Like her co-starts, Kane will miss the cast and the invigorating challenge it presented her. “You need to watch this show at least 10 times to get all the jokes,” she says with a laugh. “Sometimes, I’d have a line to say and wouldn’t fully it until after I shoot it I went to ask the writers. The jokes are so precise; it’s a mistake to paraphrase, although we’ve all tried. That’s the great challenge and I will miss it because it’s so stimulating and rare.”

Burgess also pointed to the writing as one of the most memorable aspects of working on the series. “It is so hard because you have to get it right!” he says. “None of this show is improvised and so many people think we do, but we do not. So it takes a great deal of concentration to execute it the way they wrote it because it’s so funny the way they wrote it they don’t need our help.”

As for one day on set he’ll always hold dear, Burgess can pinpoint the moment perfectly — and no, it’s not shooting “Peeno Noir” or  Lemonade. “It’s the first day being will Ellie in Times Square,” he recalls. “I have waltzed through Times Square for several years before I had a television presence on my way to work and I always wanted to know what it felt like to have my name up in lights and have all of the tourists rushing past me as I filmed a big TV show. Then, all of sudden, there I was and, even to this day, it brings tears to my eyes. I still can’t believe my good fortune.”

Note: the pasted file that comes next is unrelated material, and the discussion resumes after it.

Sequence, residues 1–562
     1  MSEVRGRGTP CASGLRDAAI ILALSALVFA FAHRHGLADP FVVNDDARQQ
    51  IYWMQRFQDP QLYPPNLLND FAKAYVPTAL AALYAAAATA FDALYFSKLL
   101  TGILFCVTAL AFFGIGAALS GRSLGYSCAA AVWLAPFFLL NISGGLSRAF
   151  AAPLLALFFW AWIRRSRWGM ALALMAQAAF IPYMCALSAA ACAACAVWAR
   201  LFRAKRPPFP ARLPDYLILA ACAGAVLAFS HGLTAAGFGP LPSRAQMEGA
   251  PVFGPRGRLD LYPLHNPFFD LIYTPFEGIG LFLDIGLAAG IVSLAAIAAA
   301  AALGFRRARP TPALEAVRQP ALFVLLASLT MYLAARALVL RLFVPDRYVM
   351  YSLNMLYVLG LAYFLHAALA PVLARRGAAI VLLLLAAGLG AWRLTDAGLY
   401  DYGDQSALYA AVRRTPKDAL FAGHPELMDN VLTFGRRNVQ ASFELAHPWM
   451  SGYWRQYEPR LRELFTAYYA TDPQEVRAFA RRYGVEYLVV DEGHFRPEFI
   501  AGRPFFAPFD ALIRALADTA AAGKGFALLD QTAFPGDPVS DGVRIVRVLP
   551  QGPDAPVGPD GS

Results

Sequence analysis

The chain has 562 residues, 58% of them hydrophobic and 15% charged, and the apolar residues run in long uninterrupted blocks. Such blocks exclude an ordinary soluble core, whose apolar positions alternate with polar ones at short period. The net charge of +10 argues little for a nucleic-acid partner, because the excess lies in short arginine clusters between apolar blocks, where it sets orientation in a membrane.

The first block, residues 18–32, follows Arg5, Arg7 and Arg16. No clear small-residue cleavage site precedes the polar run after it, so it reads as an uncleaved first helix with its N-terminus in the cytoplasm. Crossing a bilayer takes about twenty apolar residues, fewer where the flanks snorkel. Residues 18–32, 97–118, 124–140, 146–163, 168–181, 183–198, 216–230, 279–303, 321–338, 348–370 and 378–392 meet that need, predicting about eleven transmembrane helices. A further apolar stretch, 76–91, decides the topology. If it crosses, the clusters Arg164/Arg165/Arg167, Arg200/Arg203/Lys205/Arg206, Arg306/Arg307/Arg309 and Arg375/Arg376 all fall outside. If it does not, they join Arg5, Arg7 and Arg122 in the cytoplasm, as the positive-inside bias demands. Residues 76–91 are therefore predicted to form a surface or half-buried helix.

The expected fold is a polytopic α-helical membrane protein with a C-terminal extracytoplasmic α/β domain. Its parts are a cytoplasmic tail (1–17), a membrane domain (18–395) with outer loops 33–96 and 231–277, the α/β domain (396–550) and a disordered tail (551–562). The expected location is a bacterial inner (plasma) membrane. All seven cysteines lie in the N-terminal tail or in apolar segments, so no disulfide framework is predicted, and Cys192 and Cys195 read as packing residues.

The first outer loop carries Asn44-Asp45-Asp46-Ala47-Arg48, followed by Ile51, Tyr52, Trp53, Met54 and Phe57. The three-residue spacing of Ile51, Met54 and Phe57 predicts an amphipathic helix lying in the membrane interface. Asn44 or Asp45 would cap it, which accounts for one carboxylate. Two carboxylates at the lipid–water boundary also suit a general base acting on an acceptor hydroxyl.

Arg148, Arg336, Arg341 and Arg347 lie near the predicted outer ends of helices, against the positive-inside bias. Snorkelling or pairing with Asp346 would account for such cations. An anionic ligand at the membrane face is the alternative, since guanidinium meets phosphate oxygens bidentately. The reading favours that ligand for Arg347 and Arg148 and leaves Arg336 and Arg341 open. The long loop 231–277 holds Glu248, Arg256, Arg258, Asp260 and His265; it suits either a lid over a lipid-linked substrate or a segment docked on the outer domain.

Carlock will miss writing a show that let him “step away from the day-to-day of the world right now and write about people who are making an effort to be good or to be their best selves, even if their best selves could be selfish and kind of petty.” Adding that is was refreshing “soul-wise” to take on Kimmy’s traits for the day and “sit down figure out how she keeps persevering.”

As for his overall hopes for the series, Carlock wants it to be remembered for showing fans how to “look at the smaller problems in their lives and think about how to keep perspective and use their energy to try to do good things.” Well, that and “a lot of laughter.”